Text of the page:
There is in fact no way to objectively quantify an array of changing prices and changing goods in a manner that has any practical significance. There is no non-arbitrary way to resolve the arguments over hedonic adjustments, weightings of different prices, or even what mathematical averaging method is to be employed.
Given that the BLS’s procedure is as arbitrary as any other, Shadowstats is performing an invaluable service in pointing out how the changes in methodology have led to significant declines in the numbers being reported, and what political motivations lie behind such fudging of the numbers.
Moreover, many of us who actually pay attention to lots of real world prices while forming our own personal views about how fast the dollar is crashing find ourselves coming up with subjective estimates much closer to John Williams’s figures than to the BLS’s. Frankly, the BLS richly deserves to lose its credibility; their numbers are entirely political and have nothing to do with the realities of people trying to make ends meet.
but the BLS did not correct the CPI. So the hit from the oxygenates mandate was simply omitted from the CPI.
In fact, similar dirty tricks are applied frequently to keep the CPI down.
But the level of satisfaction of its beneficiaries with the BLS CPI is probably constant 🙂
For those watching CPI cleverness, another bits of excellent news about hedonics improvements that reduce inflation:
Food in America is shrinking. Last month, Unilever’s Skippy brand peanut butter reduced the contents of a typical jar from 18oz to 16.3oz by increasing the depth of the indentation on the bottom of the plastic tub. It kept the price unchanged.
Kellogg has done the same thing with its Apple Jacks breakfast cereal: while the front panel size – and the price – remain the same, the contents have shrunk from 11oz to 8.7oz. Cans of Del Monte’s StarKist tuna now contain 5oz of fish rather than 6oz, while a redesigned bottle of PepsiCo’s Tropicana orange juice contains 89 fluid ounces compared with the previous 96 fl oz.
The food companies involved mostly blame the impact of rising commodity prices for what are in effect unit price increases being passed to the consumer, although a few creatively attribute content reductions to more “consumer friendly” packaging designs.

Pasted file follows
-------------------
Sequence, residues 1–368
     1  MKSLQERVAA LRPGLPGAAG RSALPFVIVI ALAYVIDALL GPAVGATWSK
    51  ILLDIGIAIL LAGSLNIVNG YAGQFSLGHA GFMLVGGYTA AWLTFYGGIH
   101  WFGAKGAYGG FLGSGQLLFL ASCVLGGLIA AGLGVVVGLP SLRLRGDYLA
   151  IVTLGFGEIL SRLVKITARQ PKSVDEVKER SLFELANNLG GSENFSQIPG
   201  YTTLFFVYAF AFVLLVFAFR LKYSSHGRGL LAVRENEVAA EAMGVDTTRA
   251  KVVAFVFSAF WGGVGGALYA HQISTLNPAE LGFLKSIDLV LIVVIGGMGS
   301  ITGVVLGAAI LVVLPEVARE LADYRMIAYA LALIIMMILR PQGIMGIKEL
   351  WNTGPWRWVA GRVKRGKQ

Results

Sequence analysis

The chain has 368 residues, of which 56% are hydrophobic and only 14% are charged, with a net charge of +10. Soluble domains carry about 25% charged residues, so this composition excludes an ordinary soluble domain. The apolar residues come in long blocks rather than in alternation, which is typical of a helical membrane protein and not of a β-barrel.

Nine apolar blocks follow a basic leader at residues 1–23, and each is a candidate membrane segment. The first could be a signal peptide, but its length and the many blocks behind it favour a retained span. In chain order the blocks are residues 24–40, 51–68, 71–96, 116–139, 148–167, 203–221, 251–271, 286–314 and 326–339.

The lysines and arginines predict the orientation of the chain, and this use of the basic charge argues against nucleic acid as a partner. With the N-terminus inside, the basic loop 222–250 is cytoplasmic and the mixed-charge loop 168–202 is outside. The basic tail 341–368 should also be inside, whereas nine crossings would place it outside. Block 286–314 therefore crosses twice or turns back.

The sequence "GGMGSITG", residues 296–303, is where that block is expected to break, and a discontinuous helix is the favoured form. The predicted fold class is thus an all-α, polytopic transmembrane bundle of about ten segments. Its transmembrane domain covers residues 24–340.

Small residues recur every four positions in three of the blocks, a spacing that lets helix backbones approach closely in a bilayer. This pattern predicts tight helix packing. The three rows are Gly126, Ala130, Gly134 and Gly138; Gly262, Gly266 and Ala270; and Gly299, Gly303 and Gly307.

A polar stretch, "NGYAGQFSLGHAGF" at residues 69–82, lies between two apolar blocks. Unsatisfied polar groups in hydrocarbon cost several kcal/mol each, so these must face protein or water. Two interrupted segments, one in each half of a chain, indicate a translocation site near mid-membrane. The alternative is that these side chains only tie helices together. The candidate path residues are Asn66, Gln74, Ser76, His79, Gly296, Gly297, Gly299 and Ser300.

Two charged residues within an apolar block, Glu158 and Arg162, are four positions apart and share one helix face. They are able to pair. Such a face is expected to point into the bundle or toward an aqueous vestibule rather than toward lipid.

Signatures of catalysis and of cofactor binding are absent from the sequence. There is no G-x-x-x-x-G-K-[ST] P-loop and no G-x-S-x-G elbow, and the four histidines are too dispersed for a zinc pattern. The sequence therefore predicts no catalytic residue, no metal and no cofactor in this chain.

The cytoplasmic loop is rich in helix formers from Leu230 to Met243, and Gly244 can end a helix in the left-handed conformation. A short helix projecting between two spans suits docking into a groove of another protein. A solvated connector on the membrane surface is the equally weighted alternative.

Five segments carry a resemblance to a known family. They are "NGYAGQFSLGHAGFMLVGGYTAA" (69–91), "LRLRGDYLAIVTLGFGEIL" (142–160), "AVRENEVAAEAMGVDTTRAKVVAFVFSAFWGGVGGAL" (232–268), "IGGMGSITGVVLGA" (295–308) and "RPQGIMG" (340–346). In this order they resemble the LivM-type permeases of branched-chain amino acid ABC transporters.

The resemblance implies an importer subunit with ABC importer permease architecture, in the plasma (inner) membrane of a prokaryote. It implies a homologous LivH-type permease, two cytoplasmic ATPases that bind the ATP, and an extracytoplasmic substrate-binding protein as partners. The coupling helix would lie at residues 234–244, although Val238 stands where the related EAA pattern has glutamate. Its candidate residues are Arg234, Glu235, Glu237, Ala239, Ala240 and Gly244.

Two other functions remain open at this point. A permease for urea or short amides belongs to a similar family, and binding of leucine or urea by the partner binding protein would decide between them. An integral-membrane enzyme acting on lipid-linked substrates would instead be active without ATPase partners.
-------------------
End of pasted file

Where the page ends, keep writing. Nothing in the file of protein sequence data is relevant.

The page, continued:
Ed Dworsky, the editor of Mouseprint.org, a website that tracks consumer issues, says the tactic, known as downsizing, is as old as the packaged goods industry itself and takes advantage of the fact that consumers are “price sensitive, but not net weight sensitive”. But over the past year, he says, the tactic has become increasingly prevalent, driven by soaring fuel prices – since downsizing also reduces transport costs per unit, adding to the savings from having less of the product in the pack.
“I can’t remember a time when I’ve seen this many major brands and this many categories involved in downsizing,” he says.
Are these price increases? Well, the package price is the same, and an expert says that consumers are not sensitive to weight, so there is NO INFLATION, and arguably they are quality improvements, as the new packages are more “consumer friendly”, INCREASING the level of consumer satisfaction.
I wonder which way the BLS will go on this :-).
especially as the benefits of this don’t stop there:
For the companies, the results can be extremely positive. General Mills reduced the depth of packets of its leading breakfast cereals such as Cheerios while maintaining the dimensions of the front of the box and the price. As a result, the number of packs sold increased by 6 per cent, yet the weight sold was virtually unchanged from the previous year.
See about corporate innovation? LOWER INFLATION and higher corporate sales and profits, all in one packages. Clearly higher profits is another quality improvement, as consumers feel more satisfaction buying from a supplier with increasing earnings :-).
Shadowstats responds to the BLS! Enough said.
Er, he admitted that the whole steak/hamburger criticsm is wrong, and he admists that the BLS is supposed to quality adjust prices. He totally ignored the fact that falling home prices imply that the old method would yield lower, not higher inflation. Not much of a response.
M-3 No reporting since 2006?
My analysis shows average annual increases as follow:
Reagan-320 B per Year
Bush I-59 B per Year
Clinton-330B per Year
BushII-720B per year first six years
Many dollars=dollar devaluation
What gives? Why not reported?
Shadowstats adjustments just don’t seem to reflect reality.
Look at the first chart here
Look how big it considers inflation understatements to be since the mid 90s. We would have been having negative growth almost every year from then to now. Even during the tech stock bubble we would have been shrinking.
The total economic contraction would be larger than the great depression was in the US.
That’s just ridiculous.